The cradle of Western civilisation, Athens has always performed strongly when it comes to attracting international associations meetings, writes James Lancaster. The city hosted 76 last year, according to ICCA Rankings, a number that has barely fluctuated during the last eight years of austerity (a condition of the EU bailout in 2010 which resulted from the country’s sovereign debt crisis).
One of those meetings was the 11th European Congress of Emergency Medicine, which drew 1,800 delegates to the Megaron Athens International Conference Centre, in September, 2017.
Co-organised by the European Society and the Hellenic Society for Emergency Medicine (EUSEM, HESEM), the conference provided an opportunity for 150 renowned speakers – experts from all medical specialties across the world – to gather in a superb, modern-day edifice and discuss emerging directions and recent developments in the field of emergency medicine.
Interactive sessions, networking activities and the stimulating environment of the historical city of Athens made the experience a unique and unparalleled one for many of the delegates.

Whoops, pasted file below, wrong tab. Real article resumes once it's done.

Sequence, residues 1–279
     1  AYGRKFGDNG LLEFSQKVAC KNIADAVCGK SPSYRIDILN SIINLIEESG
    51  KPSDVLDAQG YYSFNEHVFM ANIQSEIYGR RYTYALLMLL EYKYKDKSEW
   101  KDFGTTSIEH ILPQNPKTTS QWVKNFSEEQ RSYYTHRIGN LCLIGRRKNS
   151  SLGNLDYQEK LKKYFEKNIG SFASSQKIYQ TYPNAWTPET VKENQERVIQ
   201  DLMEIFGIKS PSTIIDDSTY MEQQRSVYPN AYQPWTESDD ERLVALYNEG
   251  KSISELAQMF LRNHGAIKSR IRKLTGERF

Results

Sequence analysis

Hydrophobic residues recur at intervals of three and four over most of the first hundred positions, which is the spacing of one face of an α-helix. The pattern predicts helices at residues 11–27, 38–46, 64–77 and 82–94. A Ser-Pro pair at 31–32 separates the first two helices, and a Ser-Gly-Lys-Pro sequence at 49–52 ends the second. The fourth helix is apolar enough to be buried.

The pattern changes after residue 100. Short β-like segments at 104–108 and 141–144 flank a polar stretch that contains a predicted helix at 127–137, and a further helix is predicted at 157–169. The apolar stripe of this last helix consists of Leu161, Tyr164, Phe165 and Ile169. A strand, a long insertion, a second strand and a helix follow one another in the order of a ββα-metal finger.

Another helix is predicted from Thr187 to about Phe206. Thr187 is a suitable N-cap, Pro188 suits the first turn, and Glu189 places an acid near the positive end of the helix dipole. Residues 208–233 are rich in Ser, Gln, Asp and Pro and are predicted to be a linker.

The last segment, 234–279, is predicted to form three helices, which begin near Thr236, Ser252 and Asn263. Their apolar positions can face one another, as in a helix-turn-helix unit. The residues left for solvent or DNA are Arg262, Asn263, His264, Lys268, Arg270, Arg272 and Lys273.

The European Society for Emergency Medicine (EUSEM INPO) is a not-for-profit scientific organisation whose aim is to ‘promote and foster the concept, philosophy and the art of emergency medicine throughout Europe’. Its ultimate objective is to help European nations to achieve the specialty of emergency medicine. Born as a society of individuals in 1994 from a multidisciplinary group of experts in emergency medicine, since 2005 EUSEM has also incorporated a federation, which currently includes 36 European national societies of emergency medicine.
Following the Conference at Megaron, Roberta Petrino, president of EUSEM, said: “I personally and on behalf of the EUSEM executive, wish to warmly thank you all for making the European Emergency Medicine Congress in Athens a great success. I wish to thank the congress organising committee, the scientific committee, the young emergency medicine doctors, the education committee, and the MCO girls for the great work done. They succeeded in building up a sparkling event, with pre-courses, interactive sessions, great scientific value, wonderful organisation and a lot of fun.”
Athens – the intellectual capital
Home of Plato’s Academy and Aristotle’s Lyceum, Athens was the undisputed intellectual capital of the world in the fifth century BCE. Socrates, whose ideas and methodology were passed down through his pupils Plato and Xenophon, was one of the founders of Western Philosophy and is often described as the first moral philosopher in the Western ethical tradition. Classical Athens was also the birthplace of Pericles, Aristophanes, Thucydides, Sophocles, and many other prominent philosophers, writers and historians.
Published Date: 10/08/2018